Pronghorn on the Plains
“315 Yards, 3.8 MOA.” I heard the dope shouted out from somewhere over my left shoulder. I looked at him looking at me, a world away, but somehow also in my lap. For a fleeting second I thought about how strange it was that this tool makes something so intimate and externalizes it, sends it far away. I wouldn’t have to reckon with my choice for another ten minutes at least, until I walk over and put my hand on its recently stilled chest.
I slapped the trigger and tensed up my whole body. I flinched. I felt the windmill just to my right looming over me like a father trying hard not to be disappointed. I could hear it spinning, whispering, “Slow down, breath out, pull slowly.” Fortunately, for me, I hadn’t wasted my first shot. The safety was on. I flipped it a quarter turn straight up with my thumb like a prayer pointed to the sky – and the prayer was answered. My buck was standing right where I left him, before my flinch, before the windmill’s words of wisdom, before I dropped the first of two big f-bombs of the morning.
To say the trip was going smoothly would have been a mischaracterization. We had managed to squeeze an eight hour trip from Missouri to Amarillo in to just over 13 hours. Day two didn’t pan out much better. It should have consisted of a two hour drive and a day full of scouting. We arrived just after 5:00pm. The rancher gave us a meandering tour of his property, a beautiful & segmented 10,000 acres of high plains in Northeast New Mexico, which left us just enough time for an impromptu photo shoot in front of a thunderstorm that we’d been watching roll in for the last five hours. There were moments throughout the next two days where I wondered if the photos from Friday night’s session would be the sum total of good we got out of the trip.
By Sunday night we’d watched dozens of pronghorns loaf around just on the other side of the property boundaries and killed precious hours hoping without basis that they’d find occasion to cross the fence. We’d also seen dozens more on the ranch we were hunting, absolutely killable, save for the thousands of yards that separated us and them with no cover or terrain features to aid a stalk, and wasted precious time trying to put the sneak on them nonetheless. We’d glassed some a few pastures over, only to get there and discover that those little white and tangerine spots we’d been chasing were still miles away. We’d also gotten within 500 yards of two separate groups and been blown first by wariness and later by curiosity. It felt like we were in a game of chess where the opponent had been gifted the foreknowledge of our future moves.
The plan was to go in hot. I put the gun on the tripod, loaded the magazine, and chambered a round. I then folded up the legs of the tripod and hopped in the passenger seat of the side by side. Our staging area was a little less than a mile from the field our host had directed us toward, so we rolled out just before dawn. The sun had started to crest the horizon by the time we entered the pasture and it wasn’t long before we came under the shadow of the windmill our little two tracked was angling at. That beacon of 1850’s ingenuity was situated atop a small rise that we had been assured would reveal to us a pronghorn buck going about his morning routine as soon as it had been summited. I was in such doubt about the prospects of our plan that when Nathaniel said “there he is” it didn’t register and I made no motion. My understanding wasn’t helped by the casual tone with which the phrase had been uttered, but the second time he said it, it clicked.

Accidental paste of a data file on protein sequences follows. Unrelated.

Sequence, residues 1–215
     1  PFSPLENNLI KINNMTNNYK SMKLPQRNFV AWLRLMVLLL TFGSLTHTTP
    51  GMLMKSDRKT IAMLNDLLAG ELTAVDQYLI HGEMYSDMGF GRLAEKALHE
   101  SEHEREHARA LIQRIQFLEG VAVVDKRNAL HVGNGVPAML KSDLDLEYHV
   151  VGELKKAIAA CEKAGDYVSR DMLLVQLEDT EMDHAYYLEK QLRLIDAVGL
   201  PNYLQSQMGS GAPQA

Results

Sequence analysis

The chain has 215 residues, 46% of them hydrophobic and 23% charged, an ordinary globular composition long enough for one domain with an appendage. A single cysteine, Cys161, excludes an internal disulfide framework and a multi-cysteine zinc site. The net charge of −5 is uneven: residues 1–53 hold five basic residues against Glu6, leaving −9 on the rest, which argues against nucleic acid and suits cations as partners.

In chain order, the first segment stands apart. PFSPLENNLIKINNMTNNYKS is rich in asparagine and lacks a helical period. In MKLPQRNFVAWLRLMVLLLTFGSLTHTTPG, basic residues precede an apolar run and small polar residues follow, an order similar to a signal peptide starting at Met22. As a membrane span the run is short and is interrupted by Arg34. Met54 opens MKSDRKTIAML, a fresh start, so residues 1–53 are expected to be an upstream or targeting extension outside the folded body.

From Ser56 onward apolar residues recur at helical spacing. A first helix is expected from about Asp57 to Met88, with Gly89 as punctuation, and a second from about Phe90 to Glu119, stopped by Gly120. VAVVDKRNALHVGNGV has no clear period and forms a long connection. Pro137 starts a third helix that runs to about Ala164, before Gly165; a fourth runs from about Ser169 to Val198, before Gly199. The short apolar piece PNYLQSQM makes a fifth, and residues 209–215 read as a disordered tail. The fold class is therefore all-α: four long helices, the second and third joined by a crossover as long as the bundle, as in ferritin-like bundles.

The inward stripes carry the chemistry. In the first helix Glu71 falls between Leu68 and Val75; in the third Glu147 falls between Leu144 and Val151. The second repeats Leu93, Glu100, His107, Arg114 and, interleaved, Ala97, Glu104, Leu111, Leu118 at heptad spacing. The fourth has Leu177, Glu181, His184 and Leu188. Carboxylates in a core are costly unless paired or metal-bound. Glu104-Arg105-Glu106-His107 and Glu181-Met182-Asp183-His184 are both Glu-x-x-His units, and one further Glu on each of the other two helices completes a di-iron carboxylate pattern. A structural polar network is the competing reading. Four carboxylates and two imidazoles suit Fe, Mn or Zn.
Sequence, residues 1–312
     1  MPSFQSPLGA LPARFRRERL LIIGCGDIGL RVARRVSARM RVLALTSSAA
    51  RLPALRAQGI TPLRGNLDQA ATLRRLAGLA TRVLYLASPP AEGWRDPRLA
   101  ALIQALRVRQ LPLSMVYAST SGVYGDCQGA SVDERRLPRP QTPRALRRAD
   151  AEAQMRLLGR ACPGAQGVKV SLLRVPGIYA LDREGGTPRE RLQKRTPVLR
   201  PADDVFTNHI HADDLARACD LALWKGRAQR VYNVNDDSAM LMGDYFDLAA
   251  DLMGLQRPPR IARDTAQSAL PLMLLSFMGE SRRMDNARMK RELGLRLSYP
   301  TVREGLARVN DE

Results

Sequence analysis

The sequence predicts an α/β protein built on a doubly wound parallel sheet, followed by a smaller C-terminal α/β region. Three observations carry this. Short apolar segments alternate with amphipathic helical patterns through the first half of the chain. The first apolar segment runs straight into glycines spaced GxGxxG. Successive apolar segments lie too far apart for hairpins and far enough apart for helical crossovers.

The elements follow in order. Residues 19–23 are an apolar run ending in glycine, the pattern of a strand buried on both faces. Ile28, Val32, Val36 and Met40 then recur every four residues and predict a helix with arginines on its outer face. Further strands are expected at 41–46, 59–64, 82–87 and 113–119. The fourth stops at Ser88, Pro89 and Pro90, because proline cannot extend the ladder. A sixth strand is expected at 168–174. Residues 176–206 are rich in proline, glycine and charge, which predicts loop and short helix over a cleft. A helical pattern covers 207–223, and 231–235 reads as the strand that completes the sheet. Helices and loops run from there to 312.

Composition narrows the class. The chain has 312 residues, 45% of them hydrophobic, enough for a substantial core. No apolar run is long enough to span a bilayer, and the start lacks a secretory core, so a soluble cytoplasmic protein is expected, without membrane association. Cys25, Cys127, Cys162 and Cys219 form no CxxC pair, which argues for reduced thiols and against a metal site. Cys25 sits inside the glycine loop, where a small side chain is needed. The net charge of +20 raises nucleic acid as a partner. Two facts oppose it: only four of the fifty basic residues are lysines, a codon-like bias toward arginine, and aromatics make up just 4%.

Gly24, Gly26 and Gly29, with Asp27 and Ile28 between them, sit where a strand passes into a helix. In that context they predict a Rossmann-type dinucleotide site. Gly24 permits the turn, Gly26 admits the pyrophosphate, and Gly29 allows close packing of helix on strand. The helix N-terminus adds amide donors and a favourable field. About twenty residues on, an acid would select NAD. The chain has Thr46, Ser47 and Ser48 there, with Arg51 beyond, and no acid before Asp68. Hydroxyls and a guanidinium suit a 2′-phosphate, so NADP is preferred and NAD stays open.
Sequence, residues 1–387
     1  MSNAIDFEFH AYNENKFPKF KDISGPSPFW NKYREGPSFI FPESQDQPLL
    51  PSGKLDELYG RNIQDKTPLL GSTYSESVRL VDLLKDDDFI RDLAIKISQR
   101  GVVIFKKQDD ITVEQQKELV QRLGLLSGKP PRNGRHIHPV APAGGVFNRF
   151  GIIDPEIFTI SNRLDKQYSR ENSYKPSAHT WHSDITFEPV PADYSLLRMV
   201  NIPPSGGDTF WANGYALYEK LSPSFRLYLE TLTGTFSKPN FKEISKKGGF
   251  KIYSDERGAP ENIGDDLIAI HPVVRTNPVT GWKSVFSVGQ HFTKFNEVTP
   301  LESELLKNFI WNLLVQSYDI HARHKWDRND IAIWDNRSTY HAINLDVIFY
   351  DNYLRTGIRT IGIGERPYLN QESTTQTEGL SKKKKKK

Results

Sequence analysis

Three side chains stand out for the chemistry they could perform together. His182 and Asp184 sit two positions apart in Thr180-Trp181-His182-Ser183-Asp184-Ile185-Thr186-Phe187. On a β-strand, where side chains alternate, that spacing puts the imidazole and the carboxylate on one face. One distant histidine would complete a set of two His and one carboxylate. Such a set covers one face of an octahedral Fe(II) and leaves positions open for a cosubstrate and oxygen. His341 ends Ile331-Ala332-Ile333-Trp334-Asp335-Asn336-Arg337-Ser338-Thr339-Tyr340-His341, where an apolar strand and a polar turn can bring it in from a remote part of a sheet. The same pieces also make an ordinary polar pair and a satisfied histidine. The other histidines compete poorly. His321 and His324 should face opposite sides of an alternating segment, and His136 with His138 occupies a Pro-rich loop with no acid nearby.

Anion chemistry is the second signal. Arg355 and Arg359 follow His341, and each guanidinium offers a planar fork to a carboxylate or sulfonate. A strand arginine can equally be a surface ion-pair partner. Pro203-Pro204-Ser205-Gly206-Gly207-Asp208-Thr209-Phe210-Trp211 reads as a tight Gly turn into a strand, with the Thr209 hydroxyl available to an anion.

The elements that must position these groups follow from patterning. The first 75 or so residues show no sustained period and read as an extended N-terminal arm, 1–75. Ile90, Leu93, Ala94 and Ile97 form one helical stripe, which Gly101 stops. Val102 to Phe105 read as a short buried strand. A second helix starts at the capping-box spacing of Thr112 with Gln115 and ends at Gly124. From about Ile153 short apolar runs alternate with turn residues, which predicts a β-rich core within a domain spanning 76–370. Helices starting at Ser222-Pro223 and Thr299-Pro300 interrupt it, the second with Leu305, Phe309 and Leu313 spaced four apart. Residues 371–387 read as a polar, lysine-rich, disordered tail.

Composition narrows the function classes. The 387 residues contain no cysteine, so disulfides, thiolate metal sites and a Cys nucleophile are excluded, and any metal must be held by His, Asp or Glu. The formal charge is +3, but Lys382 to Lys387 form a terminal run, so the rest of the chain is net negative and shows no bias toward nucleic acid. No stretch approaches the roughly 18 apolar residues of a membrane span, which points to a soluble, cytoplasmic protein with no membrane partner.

Cut to scene one. I bailed out of the UTV and spread the tripod. After finding the top of his head in my scope, I realized he was almost completely concealed by the rise of the hill. Without hesitation, I grabbed the rig and booked it 20 yards in his direction, shouldered the gun and got a bead on him. The gun clicked. I cursed and flipped it to fire, but he was still there, wondering what we were and if he should be worried. He waited patiently as I found my picture again, exhaled and slowly squeezed. A clean miss. There was no time for wondering or cursing – just the shrill sound of a frequency dying in my hearing range as my instincts took over. I watched this majestic creature escaping along with any hope we had left of salvaging the hunt. Disgusted, I slammed my cheek down into the stock, swung the barrel and slapped the trigger as I passed over his chest. It was a clean shot – straight through the heart, breaking the left shoulder in the process. A wave of emotion washed over the crew as I spun around and dropped a second, more powerful and decided positive second f-bomb. Disappointment and despair had been put to bed.
While I think of myself as a decent shot, I don’t know that I can take credit for that one. I shouldn’t have been able to hit a goat at a full run, much less zing him directly in his heart. Whatever the case, we closed the distance to our prize and spent a moment appreciating a life lost and contemplating our gratitude to be able to pursue this amazing life outdoors.